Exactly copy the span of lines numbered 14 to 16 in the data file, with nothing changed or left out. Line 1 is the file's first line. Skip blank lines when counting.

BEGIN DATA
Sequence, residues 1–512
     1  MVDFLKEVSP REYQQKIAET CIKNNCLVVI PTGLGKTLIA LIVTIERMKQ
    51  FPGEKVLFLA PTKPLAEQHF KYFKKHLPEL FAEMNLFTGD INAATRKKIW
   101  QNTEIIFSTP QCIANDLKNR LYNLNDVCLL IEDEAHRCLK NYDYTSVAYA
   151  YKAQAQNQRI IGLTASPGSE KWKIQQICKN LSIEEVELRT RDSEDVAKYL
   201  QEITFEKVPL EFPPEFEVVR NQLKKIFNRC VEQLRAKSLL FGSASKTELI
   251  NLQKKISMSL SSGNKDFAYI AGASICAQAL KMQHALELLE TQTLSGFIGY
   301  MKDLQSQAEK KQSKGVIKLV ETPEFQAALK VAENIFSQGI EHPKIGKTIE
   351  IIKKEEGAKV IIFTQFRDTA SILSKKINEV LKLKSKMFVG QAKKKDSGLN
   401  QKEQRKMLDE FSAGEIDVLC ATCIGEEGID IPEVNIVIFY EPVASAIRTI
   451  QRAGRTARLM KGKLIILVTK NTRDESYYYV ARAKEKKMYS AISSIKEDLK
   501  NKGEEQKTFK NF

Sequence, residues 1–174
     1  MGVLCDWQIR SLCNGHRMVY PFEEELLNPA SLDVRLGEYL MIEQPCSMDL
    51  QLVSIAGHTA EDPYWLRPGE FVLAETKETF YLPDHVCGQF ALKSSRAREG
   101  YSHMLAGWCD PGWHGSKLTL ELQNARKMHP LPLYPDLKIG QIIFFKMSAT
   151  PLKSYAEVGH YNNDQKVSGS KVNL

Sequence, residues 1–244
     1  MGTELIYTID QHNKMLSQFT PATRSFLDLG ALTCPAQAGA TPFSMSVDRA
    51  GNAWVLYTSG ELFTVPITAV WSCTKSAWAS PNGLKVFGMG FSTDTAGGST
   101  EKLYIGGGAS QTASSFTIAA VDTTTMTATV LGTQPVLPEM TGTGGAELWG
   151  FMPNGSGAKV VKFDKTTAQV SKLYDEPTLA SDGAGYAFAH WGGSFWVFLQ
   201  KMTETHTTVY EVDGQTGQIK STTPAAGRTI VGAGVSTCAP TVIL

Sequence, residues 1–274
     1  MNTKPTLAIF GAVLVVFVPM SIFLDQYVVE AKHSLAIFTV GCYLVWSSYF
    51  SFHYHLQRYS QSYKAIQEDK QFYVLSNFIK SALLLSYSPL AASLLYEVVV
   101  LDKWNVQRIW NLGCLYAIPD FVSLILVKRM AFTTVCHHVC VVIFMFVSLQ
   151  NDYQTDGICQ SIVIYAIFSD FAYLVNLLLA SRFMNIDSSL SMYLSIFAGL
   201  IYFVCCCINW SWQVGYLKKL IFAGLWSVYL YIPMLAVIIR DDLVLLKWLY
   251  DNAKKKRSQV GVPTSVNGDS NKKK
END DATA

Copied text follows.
     1  MGVLCDWQIR SLCNGHRMVY PFEEELLNPA SLDVRLGEYL MIEQPCSMDL
    51  QLVSIAGHTA EDPYWLRPGE FVLAETKETF YLPDHVCGQF ALKSSRAREG
   101  YSHMLAGWCD PGWHGSKLTL ELQNARKMHP LPLYPDLKIG QIIFFKMSAT